"With all my heart I still love the man I killed!"
The Letter (1940)
B & W, Drama, 95 minutes
Released by Warner Bros.
Directed by William Wyler
Screenplay by W. Somerset Maugham and Howard Koch
Bette Davis . . . . . . . . . Leslie Crosbie
Herbert Marshall . . . . . . . Robert Crosbie
James Stephenson . . . . . . . Howard Joyce
Frieda Inescourt . . . . . . . Dorothy Joyce
Gale Sondergaard . . . . . . . Mrs. Hammond
Bruce Lester . . . . . . . . . John Withers
Victor Sen Yung . . . . . . . Ong Chi Seng
Elizabeth Inglis . . . . . . Adele Ainsworth
Cecil Kellaway . . . . . . . Prescott
It's safe to say that for a few years, Bette Davis was the reigning queen of the Warner Bros. studio. Consequently, when plans were laid to film a new version of W. Somerset Maugham's steamy melodrama The Letter, there was little doubt that Miss Davis would be assigned the plum role of Leslie Crosbie. A plum role it was, too, well suited to the famous Davis acting style. Indeed, once you’ve seen the movie, it's difficult to imagine any other actress in the role. Barbara Stanwyck, perhaps, but she'd have brought a hardness to the character that might have been a bit much; and Joan Crawford, unless she received careful direction, would have been prone to go over the top.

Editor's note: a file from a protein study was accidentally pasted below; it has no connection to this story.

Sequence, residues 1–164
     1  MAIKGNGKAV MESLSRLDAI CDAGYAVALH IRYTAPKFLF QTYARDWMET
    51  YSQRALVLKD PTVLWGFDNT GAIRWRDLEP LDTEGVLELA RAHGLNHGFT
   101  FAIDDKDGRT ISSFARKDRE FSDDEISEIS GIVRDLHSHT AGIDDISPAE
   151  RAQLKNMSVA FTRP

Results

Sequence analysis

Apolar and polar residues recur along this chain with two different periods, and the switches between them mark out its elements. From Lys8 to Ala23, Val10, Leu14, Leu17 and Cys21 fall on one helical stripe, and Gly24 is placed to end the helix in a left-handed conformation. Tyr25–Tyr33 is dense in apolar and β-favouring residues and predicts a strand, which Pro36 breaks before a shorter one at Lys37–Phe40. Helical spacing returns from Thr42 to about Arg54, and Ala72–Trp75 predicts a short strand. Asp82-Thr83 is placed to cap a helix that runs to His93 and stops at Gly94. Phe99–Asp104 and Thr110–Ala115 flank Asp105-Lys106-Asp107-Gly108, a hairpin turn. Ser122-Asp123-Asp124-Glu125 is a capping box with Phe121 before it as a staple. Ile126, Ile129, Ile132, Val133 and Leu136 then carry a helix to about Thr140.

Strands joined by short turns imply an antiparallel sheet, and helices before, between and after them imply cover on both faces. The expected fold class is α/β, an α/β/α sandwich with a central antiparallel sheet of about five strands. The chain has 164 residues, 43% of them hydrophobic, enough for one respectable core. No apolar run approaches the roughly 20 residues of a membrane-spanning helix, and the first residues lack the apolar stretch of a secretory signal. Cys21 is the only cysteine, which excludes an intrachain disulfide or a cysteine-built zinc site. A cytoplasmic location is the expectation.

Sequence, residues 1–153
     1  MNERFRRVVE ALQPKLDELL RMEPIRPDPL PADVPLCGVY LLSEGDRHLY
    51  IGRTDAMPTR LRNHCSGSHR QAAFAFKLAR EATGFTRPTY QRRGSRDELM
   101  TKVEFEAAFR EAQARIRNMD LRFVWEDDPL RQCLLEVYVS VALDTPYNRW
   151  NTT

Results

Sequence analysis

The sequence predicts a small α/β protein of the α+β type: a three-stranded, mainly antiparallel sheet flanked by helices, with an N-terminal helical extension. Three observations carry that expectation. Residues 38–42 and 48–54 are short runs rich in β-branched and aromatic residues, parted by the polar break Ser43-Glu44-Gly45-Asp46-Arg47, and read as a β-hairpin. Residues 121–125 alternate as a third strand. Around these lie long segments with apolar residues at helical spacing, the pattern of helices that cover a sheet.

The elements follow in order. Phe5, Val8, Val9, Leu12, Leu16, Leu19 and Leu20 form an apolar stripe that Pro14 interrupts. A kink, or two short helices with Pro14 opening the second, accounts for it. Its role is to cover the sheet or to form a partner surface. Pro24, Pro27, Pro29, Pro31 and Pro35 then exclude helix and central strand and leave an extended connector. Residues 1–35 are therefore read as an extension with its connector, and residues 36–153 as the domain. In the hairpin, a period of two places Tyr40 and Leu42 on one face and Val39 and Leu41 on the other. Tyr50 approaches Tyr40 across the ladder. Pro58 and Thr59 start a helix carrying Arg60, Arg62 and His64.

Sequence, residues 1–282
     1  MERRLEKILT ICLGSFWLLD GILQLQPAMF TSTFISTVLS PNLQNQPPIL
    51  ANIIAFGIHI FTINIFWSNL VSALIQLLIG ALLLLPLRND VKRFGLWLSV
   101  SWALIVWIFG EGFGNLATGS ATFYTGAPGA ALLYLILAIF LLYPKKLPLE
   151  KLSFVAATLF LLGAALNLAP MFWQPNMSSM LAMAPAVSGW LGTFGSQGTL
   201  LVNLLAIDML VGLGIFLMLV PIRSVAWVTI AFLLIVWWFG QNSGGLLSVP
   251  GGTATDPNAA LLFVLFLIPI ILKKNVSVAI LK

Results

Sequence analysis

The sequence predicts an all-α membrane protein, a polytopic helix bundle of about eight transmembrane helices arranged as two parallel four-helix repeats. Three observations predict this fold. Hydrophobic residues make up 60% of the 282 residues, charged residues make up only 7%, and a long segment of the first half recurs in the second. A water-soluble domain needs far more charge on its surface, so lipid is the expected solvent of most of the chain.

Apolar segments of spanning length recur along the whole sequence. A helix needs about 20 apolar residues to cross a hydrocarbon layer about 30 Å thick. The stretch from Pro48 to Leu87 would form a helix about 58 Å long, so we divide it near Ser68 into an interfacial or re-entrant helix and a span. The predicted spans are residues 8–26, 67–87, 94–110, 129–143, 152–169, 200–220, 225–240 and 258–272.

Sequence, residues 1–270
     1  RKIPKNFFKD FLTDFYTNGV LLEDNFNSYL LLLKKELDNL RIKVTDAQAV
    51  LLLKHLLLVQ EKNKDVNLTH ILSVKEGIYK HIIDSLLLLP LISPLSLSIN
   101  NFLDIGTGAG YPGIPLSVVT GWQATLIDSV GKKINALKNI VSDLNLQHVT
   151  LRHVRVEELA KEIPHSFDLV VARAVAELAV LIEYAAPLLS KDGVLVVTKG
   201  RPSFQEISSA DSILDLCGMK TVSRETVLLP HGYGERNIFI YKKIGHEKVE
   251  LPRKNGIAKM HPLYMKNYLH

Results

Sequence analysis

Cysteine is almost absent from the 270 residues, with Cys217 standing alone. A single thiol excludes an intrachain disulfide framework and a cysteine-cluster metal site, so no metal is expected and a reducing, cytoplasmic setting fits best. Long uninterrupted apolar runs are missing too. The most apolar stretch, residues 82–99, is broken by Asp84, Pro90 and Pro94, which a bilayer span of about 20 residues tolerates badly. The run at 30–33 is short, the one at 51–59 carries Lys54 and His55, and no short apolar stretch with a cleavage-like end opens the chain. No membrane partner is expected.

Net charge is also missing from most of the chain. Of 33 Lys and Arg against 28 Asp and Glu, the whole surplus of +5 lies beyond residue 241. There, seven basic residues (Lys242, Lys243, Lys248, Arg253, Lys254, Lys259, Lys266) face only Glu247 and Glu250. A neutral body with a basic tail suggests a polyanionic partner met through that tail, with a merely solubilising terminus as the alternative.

The Letter garnered seven Academy Award nominations (including a fourth nomination for Davis as Best Actress), but failed to win in any of the categories. No matter – the film has stood the test of time and is today regarded a classic of film noir moviemaking. The original book was said to be 'hard to put down', and the movie is no less gripping. It grabs you within the first few minutes with its famous opening sequence, and doesn't let go until the surprise ending.
The scene is a rubber plantation somewhere in "The Orient", where bored housewife Leslie Crosbie lives with her long-suffering faithful husband. The story revolves around Leslie's cold-blooded murder of her lover and her efforts first to conceal, and then deny, the deed. Throw in a family lawyer willing to jeopardize his career to protect Leslie, and the vengeful Eurasian wife of Leslie's lover, and you have all the ingredients needed for a suspenseful night at the movies.
Originally a 1927 stage production, The Letter was first filmed in 1929 with the great Broadway actress Jeanne Eagels in the title role, and a 1982 television remake starred Lee Remick. While both are fine films, it’s the Davis version that most remember. Under the direction of William Wyler, Miss Davis turned in a performance that's not quickly forgotten.
The Internet Movie Database
.<http://www.imdb.com>. (March 2005).
Dirks, Tim, "The Letter", Greatest Films
. <http://www.filmsite.org/lett.html> (March 2005).